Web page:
There are a few truisms in civil jury trial practice, one of which is: don’t make an appeal to sympathy. See, e.g., Arnold v. E. Air Lines, Inc., 681 F.2d 186, 196-200 (4th Cir. 1982)(“the blatant, direct appeal for sympathy in closing argument [was] plainly improper”). The jury, too, is specifically told to disregard sympathy. See, e.g., Ninth Circuit Model Jury Instructions, 1.1B (“you must not be influenced by any personal likes or dislikes, opinions, prejudices, or sympathy”).
Typically, when it comes to complaints about “sympathy” in civil trials, the complaints come from insurance companies, big companies, and hospital systems, all of which often claim that verdicts for plaintiffs come more from sympathy than from a dispassionate review of the facts. I personally disagree — every day in America, “sympathetic” plaintiffs lose their cases — but that’s an argument for another time. Today’s post is about when a corporate defendant tries to play on the jury’s sympathy. Continue reading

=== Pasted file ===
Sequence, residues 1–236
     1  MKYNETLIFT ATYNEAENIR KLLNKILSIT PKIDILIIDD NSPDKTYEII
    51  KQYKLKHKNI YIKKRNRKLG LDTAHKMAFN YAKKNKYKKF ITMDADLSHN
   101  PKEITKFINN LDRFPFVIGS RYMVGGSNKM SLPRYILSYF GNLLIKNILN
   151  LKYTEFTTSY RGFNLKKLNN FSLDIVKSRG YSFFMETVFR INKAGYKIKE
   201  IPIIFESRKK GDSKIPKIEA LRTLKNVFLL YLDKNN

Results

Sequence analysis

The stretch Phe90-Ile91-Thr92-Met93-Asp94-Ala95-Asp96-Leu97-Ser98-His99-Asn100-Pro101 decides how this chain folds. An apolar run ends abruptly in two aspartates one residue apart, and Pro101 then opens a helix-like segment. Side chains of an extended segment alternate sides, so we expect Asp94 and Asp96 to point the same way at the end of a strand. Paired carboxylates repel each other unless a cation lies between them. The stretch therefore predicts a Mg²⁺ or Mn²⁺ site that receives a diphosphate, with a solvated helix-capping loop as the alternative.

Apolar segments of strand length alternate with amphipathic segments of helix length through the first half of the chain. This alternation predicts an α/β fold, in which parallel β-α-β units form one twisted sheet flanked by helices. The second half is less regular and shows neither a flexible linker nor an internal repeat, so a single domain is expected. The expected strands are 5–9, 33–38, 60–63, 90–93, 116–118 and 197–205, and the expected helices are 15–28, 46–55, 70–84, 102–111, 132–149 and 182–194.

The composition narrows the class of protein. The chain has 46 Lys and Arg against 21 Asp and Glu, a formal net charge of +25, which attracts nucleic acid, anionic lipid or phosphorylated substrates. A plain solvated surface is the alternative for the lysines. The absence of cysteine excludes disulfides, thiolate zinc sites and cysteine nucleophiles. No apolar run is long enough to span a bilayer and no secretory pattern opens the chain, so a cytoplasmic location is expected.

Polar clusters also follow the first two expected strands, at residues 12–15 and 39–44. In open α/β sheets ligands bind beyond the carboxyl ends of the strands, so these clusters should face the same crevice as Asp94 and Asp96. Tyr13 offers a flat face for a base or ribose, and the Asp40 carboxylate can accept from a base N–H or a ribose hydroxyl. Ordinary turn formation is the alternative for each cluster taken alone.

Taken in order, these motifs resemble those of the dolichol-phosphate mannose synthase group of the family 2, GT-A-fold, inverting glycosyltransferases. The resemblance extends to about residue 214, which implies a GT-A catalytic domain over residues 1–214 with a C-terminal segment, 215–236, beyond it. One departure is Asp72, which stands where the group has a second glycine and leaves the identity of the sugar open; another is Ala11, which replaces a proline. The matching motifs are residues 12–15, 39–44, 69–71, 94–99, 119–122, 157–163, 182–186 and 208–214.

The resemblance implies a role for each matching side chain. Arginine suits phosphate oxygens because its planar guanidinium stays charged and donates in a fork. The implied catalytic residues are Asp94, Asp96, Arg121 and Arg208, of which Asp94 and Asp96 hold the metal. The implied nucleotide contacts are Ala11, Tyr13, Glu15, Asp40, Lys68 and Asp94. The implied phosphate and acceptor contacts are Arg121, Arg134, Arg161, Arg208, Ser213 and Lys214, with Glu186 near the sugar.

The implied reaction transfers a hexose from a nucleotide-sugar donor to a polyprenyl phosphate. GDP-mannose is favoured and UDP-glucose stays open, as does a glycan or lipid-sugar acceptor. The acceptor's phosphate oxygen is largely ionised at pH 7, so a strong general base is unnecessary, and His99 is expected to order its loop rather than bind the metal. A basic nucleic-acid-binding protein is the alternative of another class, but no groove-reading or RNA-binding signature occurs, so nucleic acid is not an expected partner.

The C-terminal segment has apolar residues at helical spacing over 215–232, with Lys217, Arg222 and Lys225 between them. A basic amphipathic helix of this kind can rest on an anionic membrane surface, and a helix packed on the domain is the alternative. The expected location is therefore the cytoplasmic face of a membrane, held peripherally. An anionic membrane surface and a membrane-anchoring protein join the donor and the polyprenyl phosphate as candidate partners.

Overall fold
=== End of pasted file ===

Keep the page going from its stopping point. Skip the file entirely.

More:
Here’s the punchline: if you play Pokémon GO, then, within thirty (30) days of downloading it, you need to send an email to email@example.com with the subject “Arbitration Opt-out Notice” in which you specifically say that you are keeping the right to litigate any dispute with Niantic, Nintendo, and any other party relating in any way Pokémon GO.
Got it? Good. Let’s talk about why. Continue reading
Popehat already explained in general why there’s nothing unusual about Judge Curiel’s rulings in the Trump University case, i.e., that denying summary judgment is the norm. Nonetheless, Kevin Drum recently mused: